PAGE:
Avalanche safety gear
Many of us are drawn to the wilds of untracked snow, heading far beyond the managed zones of the ski resort into no-man's-land, but without the proper safety equipment a fun day in the mountains can quickly turn into a life-or-death situation.
Your essential pieces of avalanche safety gear consist of the main three: avalanche transceiver, snow probe and snow shovel, but as technology advances so do the extra 'nice to have's'. For those experienced in off-piste and backcountry skiing or snowboarding, this article isn't going to tell you anything new, but for those of you investing in your first kit, or looking to add to it, take a look at our guide for what you may or may not need/want on that next day in the backcountry.
The Three Elements
To effectively increase the chances of surviving an avalanche, you should possess all three elements when skiing or snowboarding:
Transceiver: Emits a radio frequency, allowing it to be located by other transceivers equipped with 'search' mode. A transceiver will display a range of information, such as distance to victim(s), number of buried victims, and direction of victim(s). This will usually be shown by the digital display and a beeping noise which will intensify in frequency the closer to the victim(s) you become. Transceivers should be worn below at least one layer of clothing using the harness provided, never in your backpack, and kept in "send" mode at all times. You should keep the software updated, and use new, good quality batteries at all times.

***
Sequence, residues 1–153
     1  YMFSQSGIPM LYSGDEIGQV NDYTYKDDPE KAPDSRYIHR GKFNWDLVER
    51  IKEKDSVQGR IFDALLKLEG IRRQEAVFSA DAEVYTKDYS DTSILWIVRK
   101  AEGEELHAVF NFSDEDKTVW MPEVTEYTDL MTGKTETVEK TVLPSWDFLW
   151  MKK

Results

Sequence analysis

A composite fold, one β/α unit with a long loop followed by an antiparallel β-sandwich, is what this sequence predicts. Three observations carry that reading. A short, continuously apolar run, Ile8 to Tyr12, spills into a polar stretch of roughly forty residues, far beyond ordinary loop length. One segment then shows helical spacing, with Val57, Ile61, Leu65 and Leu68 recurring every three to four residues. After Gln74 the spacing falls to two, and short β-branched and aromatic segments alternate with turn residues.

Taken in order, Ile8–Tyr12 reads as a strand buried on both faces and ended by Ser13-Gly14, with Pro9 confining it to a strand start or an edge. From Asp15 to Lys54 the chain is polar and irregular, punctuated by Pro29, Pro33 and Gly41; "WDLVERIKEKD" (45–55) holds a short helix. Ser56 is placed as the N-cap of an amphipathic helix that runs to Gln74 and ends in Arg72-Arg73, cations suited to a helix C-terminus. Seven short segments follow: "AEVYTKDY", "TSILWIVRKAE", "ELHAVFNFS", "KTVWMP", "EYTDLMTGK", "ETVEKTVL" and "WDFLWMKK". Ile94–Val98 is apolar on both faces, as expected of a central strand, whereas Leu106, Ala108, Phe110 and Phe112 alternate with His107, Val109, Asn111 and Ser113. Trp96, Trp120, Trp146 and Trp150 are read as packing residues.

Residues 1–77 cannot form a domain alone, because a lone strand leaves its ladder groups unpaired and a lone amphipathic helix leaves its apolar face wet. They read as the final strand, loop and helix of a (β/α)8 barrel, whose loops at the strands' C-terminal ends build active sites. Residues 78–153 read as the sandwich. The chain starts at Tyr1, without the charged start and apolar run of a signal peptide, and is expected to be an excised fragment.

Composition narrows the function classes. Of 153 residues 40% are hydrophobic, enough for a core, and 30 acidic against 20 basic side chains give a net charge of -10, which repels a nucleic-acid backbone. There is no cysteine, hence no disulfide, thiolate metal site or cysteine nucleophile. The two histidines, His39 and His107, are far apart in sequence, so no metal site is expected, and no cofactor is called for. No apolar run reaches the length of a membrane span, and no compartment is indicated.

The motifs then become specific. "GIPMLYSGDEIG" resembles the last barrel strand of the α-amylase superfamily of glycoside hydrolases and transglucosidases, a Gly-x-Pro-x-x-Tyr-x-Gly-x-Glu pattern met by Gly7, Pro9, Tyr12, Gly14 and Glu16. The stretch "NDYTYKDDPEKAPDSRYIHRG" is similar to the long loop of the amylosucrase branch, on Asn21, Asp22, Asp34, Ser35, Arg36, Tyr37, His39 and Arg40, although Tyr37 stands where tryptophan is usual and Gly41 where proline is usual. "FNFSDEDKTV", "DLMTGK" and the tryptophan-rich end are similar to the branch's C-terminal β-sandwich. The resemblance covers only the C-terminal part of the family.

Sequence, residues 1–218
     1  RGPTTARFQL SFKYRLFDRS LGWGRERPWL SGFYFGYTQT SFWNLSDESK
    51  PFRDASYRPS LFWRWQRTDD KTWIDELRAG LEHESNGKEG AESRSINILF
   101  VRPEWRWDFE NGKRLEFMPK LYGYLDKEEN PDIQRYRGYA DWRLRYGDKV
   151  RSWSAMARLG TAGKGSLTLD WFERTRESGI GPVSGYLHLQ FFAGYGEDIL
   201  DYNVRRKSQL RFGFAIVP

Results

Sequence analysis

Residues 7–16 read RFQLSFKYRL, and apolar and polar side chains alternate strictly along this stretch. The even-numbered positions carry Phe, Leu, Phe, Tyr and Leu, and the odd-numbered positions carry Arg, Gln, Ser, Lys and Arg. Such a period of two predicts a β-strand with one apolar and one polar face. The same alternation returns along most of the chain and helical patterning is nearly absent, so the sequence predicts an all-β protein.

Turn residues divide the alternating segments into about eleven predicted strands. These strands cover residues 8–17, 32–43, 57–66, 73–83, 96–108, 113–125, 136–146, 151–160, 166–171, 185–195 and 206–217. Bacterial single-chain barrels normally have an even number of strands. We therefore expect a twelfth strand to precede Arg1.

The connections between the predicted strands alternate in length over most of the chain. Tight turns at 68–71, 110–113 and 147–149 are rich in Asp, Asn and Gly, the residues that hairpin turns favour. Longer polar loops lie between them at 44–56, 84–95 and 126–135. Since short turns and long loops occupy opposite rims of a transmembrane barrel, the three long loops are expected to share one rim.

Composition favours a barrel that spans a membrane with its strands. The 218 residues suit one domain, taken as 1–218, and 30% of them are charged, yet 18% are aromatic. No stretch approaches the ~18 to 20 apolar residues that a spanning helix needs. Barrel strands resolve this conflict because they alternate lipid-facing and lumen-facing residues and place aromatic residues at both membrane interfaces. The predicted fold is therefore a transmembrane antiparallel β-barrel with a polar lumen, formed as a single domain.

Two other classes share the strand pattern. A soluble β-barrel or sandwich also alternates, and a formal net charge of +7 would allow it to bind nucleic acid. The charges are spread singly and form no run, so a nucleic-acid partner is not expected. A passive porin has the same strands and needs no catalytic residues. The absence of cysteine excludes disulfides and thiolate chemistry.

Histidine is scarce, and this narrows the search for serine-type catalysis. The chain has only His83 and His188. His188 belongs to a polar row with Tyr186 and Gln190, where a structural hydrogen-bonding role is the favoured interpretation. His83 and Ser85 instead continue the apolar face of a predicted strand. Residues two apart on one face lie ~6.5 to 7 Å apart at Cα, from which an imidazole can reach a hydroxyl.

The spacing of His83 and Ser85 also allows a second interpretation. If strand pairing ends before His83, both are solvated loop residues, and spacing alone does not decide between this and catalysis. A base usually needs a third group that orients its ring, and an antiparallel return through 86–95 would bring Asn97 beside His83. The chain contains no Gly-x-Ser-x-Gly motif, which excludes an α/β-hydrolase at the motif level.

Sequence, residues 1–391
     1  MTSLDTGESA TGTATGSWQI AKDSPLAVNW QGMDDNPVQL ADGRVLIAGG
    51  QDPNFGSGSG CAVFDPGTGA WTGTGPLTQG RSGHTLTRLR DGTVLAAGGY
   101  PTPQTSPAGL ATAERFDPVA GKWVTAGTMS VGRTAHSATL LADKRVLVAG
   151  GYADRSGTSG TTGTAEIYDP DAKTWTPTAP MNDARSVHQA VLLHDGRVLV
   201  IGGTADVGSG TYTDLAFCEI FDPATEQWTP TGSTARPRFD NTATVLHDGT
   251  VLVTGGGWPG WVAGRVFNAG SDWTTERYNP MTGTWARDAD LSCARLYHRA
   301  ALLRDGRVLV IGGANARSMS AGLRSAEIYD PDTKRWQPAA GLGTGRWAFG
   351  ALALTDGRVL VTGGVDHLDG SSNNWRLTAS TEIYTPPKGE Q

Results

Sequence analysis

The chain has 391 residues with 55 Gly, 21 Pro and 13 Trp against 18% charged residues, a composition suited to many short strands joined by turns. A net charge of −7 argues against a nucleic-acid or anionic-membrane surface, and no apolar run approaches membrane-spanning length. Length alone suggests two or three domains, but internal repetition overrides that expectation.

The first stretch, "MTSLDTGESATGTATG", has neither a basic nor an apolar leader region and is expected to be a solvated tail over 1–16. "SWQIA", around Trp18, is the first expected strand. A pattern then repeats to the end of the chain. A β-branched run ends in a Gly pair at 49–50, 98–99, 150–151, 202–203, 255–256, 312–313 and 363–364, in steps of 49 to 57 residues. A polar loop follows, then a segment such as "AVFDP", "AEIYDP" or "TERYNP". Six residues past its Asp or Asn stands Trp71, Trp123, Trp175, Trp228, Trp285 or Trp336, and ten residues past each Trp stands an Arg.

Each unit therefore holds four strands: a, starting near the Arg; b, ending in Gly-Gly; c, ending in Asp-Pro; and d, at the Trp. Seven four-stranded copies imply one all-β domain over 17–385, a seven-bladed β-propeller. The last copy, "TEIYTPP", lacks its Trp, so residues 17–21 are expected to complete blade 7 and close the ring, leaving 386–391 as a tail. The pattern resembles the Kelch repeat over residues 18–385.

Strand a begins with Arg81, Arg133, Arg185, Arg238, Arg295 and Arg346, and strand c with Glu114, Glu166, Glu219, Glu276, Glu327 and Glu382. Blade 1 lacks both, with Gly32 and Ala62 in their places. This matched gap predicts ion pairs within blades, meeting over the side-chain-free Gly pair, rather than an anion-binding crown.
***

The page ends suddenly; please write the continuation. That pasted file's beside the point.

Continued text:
Probe: This is used to plunge the snow and establish the depth of the victim. Modern probes are lightweight aluminium and can be collapsed down from 2m+ length into foot long pieces to fit into your rucksack. A probe of 240cm is a popular recreational length, and the minimum you should consider. Greater overall length is preferable as longer probes improve efficiency at finding a deeply buried person.
Shovel: This is for digging out a victim once located. It should be made of aluminium, not plastic (these can shatter in cold environments), and the bigger the better - digging out a victim can involve shifting a lot of snow - so anything smaller than 20cm x 20cm is not recommended. Similar to a probe, it should be collapsible via a detachable handle to allow it to fit into your backpack.
A transceiver is not a cheap piece of kit by any means, and the pricing is generally driven by component costs, where it's made, shipping and taxes, and of course the price that the market sets. The feeling from ski clubs like Club Alpin Français is that when it comes to buying a transceiver, prices in general are too high and restrict people from buying the best in terms of safety and reliability. But the reality is the more you spend, the more features it will have and capable it will be. However, with features comes complexity, and the most feature-filled transceiver may not make your search for a victim any quicker if the interface is too complicated. A transceiver for a mountain professional is likely to be a poor choice for a novice, or someone who doesn't practise regularly.
Whether you're buying second hand or new, here are some tips for when buying yours.
- Avoid cheaper models, they tend to have too low a range, making the first detection of a signal from another beacon too slow a process in an avalanche. The minimum range you need is 20m.
- All transceivers today operate on the same international standard of 457kHz, so you don't need the same brand as everyone else, or to pay a premium unless you want advanced features.
- Most transceivers have a three-antenna design that allows searchers to pinpoint a victim regardless of its orientation on the buried person. This is a must-have feature.
- Make sure the display screen is intuitive for you to use. Most are, but the interfaces vary by brand and model.